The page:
Guide to Point Source Pollution

Guide to Point Source Pollution

Point source pollution can have incredibly harmful impacts on the environment, although it’s a current part of life as we know it. But that doesn’t mean there aren’t any regulations a company needs to follow.

But what do you mean by point source? Keep reading and find out the difference between point and nonpoint source pollution.

What Do You Mean by Point Source Pollution?

When people think of pollutants, several sources come to mind. Runoff from farms, sediment that washes into a river, or chemicals that get swept into drains. These are examples of nonpoint source pollution, as it’s impossible to identify where precisely the pollution came from once it’s in the water.

But point source pollution is more specific in that it’s defined as single traceable sources of pollution. This is in contrast to more multi-faceted sources or widespread pollutants.

What Are Three Sources of Point Pollution?

Since point pollution is more easily followed back to a single source, there are a few significant contributors. The main examples of point source pollution come from commercial and industrial sources, although some are due to individual action.

Sewage Treatment Plants

Since treatment plants treat human waste, there must be a way to get rid of the waste that’s filtered out. This is generally done through drainage into a river or other nearby body of water.

Car Exhaust

One of the most common types of pollution people know about is exhaust and chemicals from cars. The exhaust contains many particles and toxins, such as carbon monoxide and hydrocarbons. These can each have severe effects on the environment.


Larger factories and plants, such as automotive manufacturing plants and oil refineries, may use a smokestack to dispose of waste into the air. These release toxic emissions which damage the ozone layer.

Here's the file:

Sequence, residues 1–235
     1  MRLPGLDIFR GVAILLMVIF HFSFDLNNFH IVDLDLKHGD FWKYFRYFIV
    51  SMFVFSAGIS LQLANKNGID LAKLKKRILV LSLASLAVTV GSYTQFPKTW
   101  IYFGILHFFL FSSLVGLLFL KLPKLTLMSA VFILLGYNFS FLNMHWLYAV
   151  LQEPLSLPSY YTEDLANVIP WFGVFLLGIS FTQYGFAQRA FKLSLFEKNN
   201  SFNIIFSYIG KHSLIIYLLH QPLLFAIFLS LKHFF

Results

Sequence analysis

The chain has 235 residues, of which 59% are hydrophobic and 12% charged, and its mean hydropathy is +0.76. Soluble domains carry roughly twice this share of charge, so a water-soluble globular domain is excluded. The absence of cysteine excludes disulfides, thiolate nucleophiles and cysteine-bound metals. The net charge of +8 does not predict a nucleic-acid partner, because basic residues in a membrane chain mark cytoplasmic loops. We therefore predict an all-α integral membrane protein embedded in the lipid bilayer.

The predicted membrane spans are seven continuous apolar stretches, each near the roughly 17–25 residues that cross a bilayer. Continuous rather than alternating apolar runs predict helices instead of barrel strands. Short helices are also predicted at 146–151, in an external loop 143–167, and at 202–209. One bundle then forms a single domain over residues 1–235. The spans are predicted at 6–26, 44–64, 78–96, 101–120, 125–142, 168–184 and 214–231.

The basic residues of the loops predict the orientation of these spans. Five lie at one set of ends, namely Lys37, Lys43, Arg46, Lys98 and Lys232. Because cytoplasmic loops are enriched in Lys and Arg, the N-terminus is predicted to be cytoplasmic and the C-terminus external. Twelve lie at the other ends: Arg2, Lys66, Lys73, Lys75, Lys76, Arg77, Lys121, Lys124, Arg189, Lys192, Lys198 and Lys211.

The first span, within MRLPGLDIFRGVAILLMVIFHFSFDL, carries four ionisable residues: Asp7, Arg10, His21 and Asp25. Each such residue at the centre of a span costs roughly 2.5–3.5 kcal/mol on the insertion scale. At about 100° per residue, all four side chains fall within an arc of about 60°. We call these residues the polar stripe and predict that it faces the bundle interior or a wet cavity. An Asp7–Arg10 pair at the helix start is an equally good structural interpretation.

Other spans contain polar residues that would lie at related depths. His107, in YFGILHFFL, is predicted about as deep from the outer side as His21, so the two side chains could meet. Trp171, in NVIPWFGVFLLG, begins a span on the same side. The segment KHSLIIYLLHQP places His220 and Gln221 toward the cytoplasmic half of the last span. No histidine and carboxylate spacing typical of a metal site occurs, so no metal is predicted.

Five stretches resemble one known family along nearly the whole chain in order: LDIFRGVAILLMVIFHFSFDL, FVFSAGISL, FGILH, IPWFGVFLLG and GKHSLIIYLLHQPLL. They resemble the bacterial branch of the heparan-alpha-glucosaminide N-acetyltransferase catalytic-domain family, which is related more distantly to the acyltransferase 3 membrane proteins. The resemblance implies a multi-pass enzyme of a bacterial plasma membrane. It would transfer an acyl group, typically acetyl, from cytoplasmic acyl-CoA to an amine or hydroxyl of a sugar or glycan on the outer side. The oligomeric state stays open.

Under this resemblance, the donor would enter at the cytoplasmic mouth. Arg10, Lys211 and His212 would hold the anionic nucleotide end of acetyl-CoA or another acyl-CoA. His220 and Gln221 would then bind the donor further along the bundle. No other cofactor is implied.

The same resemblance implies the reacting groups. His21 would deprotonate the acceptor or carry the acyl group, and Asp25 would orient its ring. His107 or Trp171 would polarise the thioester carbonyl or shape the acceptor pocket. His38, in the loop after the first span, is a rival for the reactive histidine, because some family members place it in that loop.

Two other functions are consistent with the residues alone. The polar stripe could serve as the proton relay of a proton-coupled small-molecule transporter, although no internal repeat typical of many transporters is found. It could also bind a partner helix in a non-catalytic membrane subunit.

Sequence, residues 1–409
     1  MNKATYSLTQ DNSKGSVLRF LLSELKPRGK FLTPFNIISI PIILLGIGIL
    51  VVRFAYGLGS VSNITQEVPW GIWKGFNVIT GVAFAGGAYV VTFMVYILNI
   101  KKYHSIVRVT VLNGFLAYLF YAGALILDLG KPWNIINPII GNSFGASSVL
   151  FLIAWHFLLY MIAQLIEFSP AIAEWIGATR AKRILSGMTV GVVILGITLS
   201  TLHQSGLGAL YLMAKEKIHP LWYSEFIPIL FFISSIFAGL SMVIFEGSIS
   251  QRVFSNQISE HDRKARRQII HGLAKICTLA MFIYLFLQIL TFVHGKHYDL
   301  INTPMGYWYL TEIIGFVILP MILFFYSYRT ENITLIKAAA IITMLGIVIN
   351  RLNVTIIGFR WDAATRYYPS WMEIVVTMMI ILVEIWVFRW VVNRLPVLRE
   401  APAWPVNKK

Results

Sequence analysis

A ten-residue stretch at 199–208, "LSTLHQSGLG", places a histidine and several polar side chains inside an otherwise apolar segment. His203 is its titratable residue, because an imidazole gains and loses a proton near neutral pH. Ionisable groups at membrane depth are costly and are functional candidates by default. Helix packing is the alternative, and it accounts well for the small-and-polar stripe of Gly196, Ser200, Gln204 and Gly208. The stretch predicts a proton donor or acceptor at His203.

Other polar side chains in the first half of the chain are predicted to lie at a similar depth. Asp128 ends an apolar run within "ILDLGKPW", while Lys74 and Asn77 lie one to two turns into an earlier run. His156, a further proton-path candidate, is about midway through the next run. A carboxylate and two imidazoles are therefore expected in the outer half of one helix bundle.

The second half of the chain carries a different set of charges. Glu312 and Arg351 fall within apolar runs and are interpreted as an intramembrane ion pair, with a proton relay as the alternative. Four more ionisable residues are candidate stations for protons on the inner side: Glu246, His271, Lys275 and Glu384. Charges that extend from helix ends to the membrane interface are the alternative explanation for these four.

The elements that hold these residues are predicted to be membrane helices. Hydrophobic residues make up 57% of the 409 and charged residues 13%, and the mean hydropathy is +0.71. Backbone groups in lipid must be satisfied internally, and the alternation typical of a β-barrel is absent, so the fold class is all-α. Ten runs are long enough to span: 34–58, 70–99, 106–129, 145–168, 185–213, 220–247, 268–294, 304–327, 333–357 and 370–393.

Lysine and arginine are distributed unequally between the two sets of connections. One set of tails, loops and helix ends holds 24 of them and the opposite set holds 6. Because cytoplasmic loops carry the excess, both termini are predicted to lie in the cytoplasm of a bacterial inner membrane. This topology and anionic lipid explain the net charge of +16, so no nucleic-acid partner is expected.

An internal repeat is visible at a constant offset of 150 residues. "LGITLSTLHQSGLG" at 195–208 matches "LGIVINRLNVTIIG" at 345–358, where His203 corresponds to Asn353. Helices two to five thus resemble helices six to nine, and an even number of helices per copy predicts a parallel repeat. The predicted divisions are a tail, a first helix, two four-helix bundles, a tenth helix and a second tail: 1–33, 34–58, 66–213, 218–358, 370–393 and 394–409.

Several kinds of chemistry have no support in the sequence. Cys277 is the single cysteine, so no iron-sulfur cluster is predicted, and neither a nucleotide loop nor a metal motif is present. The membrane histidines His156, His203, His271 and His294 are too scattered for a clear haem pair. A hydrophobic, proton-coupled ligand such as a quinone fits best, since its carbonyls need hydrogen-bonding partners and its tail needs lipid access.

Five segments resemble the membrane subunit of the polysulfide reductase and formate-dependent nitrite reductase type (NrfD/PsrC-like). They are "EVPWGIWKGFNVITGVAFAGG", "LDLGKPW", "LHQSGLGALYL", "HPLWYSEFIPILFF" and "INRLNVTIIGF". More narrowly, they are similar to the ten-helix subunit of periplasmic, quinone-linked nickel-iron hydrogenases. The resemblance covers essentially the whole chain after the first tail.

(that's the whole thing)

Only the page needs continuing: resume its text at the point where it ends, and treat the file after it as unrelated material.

What About Air Pollution?

As mentioned previously, exhaust and emissions from cars are categorized as point source pollution. But you might be wondering, “is air pollution point source pollution?”

It’s often used to discuss water pollution, but it can also describe some sources of air pollution. For example when it comes from industrial smokestacks, power generation plants, or similar locations.


Over the years, several laws and programs have been developed to control point source pollution and mitigate the damage it causes. These have been initiated at all legislative levels and as part of specific private companies’ environmental strategies.

Governmental Protections

Each state has various environmental protections and regulations along with its compliance with the Clean Water Act. These regulations dictate a company’s permits to store, use, and discard waste.

Private Regulations

Not every business has developed sustainability efforts to reduce their point source pollution. But some companies, like IKEA and Novo Nordisk, are taking the opportunity to reevaluate and evolve the ways they discard waste.

Reduce Your Environmental Impact

Going forward with the knowledge of what point source pollution is and its damage to the environment is the first step to reducing its impact. If your business is ready to turn the question “what do you mean by point source” into “how can my company lower its environmental impact?”

Contact our team at All American Environmental. We’re a company with the experience and expertise to take care of your environmental consulting and contracting needs, from oil tank problems to leaks, repairs, removal, installation, cleaning and sweeps and various other jobs. So, browse our navigation to discover what we can do for you.